Women as leaders in lodging

Editor Colleen Isherwood discusses feminine leadership in the accommodations sector: empathy, honesty and “a pinch of bitch.”

Women’s Leadership Forum panel: left to right, Lori Andrew, Nita Patel, Amy Vaxman and Natalee Bloss.

Women’s Leadership Forum panel: left to right, Lori Andrew, Nita Patel, Amy Vaxman and Natalee Bloss.

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By Colleen Isherwood, editor

The breakout room at the Vantage Hospitality Conference in Las Vegas was filled with women—no men allowed, not even a photographer! The purpose of this closed-door session was to identify the leadership qualities specific to women in the hospitality industry.

Lori Andrew, general manager of Canadas Best Value Inn Calgary started the discussion. “The important female [leadership] traits are patience and empathy. With the new generation, we want staff to engage. That’s where the Millennials are going. You have to put your character out there­—with a pinch of bitch! Show respect and respect comes back to you.”

Nita Patel, a hotelier from Collinsville, IL, had a list of desirable traits: empathy, consistency, honesty, caring, flexibility, direction and being a good mentor among them. “Be firm in your rules and then follow through. Punish in private and praise in public,” she added.

Another hotelier took mentoring to a different level, by working with an employee who just got out of jail and had been into drugs for eight years.

“That employee has been with us six months, is one of my best workers—and has stayed off drugs,” she said.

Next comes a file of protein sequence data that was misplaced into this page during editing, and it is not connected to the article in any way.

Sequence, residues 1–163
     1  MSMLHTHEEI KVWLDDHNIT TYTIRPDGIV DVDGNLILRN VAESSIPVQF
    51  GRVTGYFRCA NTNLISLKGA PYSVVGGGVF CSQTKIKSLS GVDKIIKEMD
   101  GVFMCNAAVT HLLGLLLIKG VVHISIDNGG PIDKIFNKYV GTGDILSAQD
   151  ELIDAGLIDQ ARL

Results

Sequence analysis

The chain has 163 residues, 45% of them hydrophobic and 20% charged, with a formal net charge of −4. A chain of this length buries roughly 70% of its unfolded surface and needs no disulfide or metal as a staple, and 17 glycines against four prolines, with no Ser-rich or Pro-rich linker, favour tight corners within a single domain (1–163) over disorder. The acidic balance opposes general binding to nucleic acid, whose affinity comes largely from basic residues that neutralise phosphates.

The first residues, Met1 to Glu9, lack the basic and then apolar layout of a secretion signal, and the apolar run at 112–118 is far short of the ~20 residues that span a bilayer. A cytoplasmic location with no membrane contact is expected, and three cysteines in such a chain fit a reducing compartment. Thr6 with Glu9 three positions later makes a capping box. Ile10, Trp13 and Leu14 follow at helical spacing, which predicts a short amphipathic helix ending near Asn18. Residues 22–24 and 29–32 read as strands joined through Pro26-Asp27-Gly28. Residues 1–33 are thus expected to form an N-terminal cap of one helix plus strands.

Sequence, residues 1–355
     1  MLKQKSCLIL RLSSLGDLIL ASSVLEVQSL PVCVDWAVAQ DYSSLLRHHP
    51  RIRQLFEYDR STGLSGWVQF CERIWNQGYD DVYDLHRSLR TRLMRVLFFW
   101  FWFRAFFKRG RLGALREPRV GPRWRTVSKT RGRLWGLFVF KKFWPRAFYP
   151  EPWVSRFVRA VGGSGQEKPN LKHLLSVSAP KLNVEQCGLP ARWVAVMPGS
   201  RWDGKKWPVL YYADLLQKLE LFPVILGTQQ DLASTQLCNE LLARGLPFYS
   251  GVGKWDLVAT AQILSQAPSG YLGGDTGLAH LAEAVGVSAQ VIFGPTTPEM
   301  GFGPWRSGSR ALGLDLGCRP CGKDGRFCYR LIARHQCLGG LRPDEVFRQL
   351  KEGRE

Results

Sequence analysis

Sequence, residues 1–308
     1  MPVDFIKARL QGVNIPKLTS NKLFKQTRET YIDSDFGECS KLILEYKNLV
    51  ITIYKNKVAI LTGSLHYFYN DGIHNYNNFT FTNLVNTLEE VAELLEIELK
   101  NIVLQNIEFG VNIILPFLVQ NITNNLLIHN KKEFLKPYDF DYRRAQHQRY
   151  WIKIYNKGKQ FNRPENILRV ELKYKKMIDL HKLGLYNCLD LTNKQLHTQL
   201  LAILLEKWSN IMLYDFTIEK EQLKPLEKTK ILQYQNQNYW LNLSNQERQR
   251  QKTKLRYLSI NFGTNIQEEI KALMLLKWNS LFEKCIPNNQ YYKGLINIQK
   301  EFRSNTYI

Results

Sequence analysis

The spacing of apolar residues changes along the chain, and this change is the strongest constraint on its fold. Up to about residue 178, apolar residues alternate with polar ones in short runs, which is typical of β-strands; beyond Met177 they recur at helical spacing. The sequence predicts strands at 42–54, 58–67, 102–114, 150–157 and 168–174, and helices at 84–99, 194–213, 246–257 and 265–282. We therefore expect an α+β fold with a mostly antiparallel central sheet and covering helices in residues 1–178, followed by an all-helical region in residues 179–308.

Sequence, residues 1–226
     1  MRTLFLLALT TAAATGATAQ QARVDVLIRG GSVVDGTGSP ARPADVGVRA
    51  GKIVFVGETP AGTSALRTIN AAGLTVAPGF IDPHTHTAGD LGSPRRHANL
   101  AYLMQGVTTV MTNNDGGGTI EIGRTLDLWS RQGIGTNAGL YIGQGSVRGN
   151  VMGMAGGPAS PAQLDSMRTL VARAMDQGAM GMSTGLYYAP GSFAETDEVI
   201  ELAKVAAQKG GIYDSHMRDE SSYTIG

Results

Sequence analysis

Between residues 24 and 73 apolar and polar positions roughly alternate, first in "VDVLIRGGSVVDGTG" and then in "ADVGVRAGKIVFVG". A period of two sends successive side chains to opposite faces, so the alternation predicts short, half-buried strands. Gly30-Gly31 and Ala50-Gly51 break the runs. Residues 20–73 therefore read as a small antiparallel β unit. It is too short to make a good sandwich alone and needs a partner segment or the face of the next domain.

“If [the crime] wasn’t violent and wasn’t stealing, why wouldn’t I consider giving them a second chance?” said panel moderator Rita Weber, Vantage’s director of human resources and training.

Another key is “to wish them well always,” according to another hotelier. “If they get a better job, have them leave on a positive note, keep the relationship secure. They may still come back for mentoring. What is the point of being nasty or upset?”

While most delegates mentioned honesty as being important, they noted that “honesty does not necessarily mean full disclosure.”

Weber addressed the awkward situation where a leader who knows that certain jobs will be cut is approached by someone whose job is going to be eliminated. In her example, the person was also going through a messy divorce. “I told him that there will be changes, and that I personally am not doing anything that will add to my financial issues,” she said.

Natalee Bloss, representing the Millennials, is a hospitality student at University of Nevada Las Vegas, who recently worked as an intern at that city’s Hard Rock Hotel. “At Hard Rock, everyone has access to the leader—they feel they can speak their mind and say what they feel is important,” she said.